Thursday, March 19, 2009
This winter we had a tragedy with our chickens. Despite all of my love and preparations, we lost them when they were in the care of pet sitters. Although I'm not ready or willing to talk about them, something about the story made me think of how I parent my children.
When we arrived home after our trip across the state, we knew we would be arriving to an empty, quiet, and tragic scene. As I got the kids out of the car, put them in their PJs, and placed them in bed, my husband did what he thought I would want him to do. He located my dead pets and went to dispose of them before I could see them.
I was shocked and hurt. My husband was astounded at my reaction. To him, it made sense to protect me from the sight. To him, it made sense to take care of it quickly, and without my awareness.
I, on the other hand, felt like I failed them by not baring witness to their suffering. Since I dreamed and planned them into my life, pampered them, worried over them, and pondered over how to best give them a top notch quality of life, I felt that I owed it to them, and that it was completely my responsibility to acknowledge how they met their ends. I was the one who loved them. It was like they had been happily living a life that traveled alongside my own, and then they were just - gone. I last saw them happily eating warm oatmeal that I had made them on a beautiful snowy day.
And then they were gone. Opal ( the rooster), Annabelle, Sally, Midge, Fiona.
Most people would think this was crazy. Why get so upset over some chickens? Well, because I take things seriously. Pets are family members. I don’t acquire pets without an assumption that they are going to be with me for the rest of their lives. They will be loved, protected, and pampered for as long as they live.
And isn’t that what we do for our children? As parents, isn’t it our main job to bare witness to the lives of our babies? We chronicle their every moment in the womb, proudly record their stats, their first movements, and the evidence of their gender. We relive every moment of their birth, their first days on Earth, their first words, first steps, and first days of school. We have scrapbooks, photo albums, blogs, and birth announcements. We virtually shout out to the world, “This is my child! He is loved! He is beautiful and wonderful and Perfect in my eyes!”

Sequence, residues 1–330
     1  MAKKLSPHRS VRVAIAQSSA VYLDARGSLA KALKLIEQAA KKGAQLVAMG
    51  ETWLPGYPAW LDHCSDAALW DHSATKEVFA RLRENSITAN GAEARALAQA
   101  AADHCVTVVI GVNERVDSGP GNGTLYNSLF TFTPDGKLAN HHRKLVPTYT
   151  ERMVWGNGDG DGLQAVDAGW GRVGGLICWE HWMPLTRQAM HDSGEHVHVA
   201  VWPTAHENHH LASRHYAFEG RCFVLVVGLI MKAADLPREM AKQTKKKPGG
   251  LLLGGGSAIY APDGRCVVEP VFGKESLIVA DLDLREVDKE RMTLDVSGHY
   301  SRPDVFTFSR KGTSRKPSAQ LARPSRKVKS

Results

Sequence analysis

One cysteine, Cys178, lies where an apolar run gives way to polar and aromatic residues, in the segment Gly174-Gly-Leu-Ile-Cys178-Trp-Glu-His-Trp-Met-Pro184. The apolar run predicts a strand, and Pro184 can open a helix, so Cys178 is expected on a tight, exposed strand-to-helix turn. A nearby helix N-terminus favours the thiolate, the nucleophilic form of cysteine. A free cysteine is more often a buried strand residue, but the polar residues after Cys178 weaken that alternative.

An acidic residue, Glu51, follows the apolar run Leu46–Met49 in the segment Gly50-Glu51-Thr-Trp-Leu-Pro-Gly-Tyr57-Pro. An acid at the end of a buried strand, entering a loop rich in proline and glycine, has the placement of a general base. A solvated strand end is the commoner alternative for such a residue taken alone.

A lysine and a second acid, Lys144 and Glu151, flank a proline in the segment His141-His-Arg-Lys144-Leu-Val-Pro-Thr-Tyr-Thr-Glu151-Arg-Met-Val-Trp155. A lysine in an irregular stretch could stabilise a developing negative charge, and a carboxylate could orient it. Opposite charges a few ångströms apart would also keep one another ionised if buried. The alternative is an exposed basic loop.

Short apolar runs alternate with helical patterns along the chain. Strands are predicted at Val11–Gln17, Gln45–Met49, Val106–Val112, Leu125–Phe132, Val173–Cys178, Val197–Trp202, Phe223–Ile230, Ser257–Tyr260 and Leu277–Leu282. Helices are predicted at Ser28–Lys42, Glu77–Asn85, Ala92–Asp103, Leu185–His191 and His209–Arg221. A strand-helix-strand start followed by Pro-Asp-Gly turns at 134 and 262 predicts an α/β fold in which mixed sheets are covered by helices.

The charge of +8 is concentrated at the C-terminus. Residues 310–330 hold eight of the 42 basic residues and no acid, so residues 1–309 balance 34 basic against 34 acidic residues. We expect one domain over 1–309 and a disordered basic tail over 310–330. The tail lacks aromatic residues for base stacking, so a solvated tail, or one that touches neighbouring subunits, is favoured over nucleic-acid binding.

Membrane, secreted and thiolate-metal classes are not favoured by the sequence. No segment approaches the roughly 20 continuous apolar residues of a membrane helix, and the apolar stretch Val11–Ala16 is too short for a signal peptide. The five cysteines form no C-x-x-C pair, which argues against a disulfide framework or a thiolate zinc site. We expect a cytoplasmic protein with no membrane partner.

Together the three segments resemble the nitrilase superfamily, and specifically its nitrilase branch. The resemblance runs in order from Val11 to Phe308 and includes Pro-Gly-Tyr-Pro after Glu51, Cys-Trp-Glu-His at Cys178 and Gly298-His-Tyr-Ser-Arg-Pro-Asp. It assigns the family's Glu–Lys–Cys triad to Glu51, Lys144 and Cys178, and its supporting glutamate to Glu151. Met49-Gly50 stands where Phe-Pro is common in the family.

Aidan was born 4 years ago. He was 10 pounds, had a full head of dark brown hair, and slept like it was going out of style.
Since then, he has grown at an amazing rate, giving us reason to constantly remind people that he is “only 2,” “only 3,” etc, when he looks like he is 2 years older. He is lean, tall, and has gorgeous, long lashes with brown puppy dog eyes.
He loves to snuggle on the couch and read or watch movies. Like a heated blanket, just being near his little body, practically humming with energy and heat, soon makes you feel all warm and toasty.
Aidan is obsessed with baseball. At a very young age, he knew the words for every sport, would shout out when we passed baseball fields, football fields, or a golf course. The moment he wakes up, and throughout the day, he asks to play baseball and walks around with his bat and mitt in hand.
Aidan is also very verbal. He constantly astounds us with his observations and his quirky way of communicating. He has never been afraid of strangers, so we’ve been able to watch him charm (or embarrass) countless people in grocery lines and ferry terminals. His sister looks up to him as a hero and a best friend. Aidan will say to her, “Addison, you want to play baseball with me?” and then he will give her a bat, put a backpack on her, and they will both parade through the house, saying they are going to a baseball game. It has been so lovely watching them become friends, as well as siblings. Sometimes it will get quiet, and I will sneak in to check on them. I’ll find them both in Aidan’s room, quietly reading a book on his bed, or he will be playing trains while she hands them to him one at a time.
On the day I learned of my chickens’ deaths, Aidan must have been listening to the adults, because he soon came sneaking downstairs to me. I heard someone tell him to come watch a video because Momma Chae was busy, but he said to them, “I want to go give mom a hug.” He came into the room as I tried to hide my tears and gave me a big hug, saying, “Momma, are you sad about your chickens?” We have learned that Aidan is listening – always listening – and will repeat or question what he hears. He is so smart, so sassy, and always keeps us on our toes.
Aidan loves to work outside, help make cookies, ride his bike, dance, vacuum, run, look for monsters in the woods, go on hikes, and eat corn dogs.
Aidan hates to try new foods, sleep-in, wear shirts without tags, go on “scary” amusement park rides, and be stuck inside on rainy days.
He is bold, he is handsome, he is affectionate, and he is naughty. He is all boy and all wonderful, with just enough craziness to have us pulling our hair out every now and then, and just enough sweet excitement to make us smile and forgive him.
He is 4.
What else will he be bringing us in the years to come? Whatever it is, I will always and forever be his loving witness.
Labels: Big A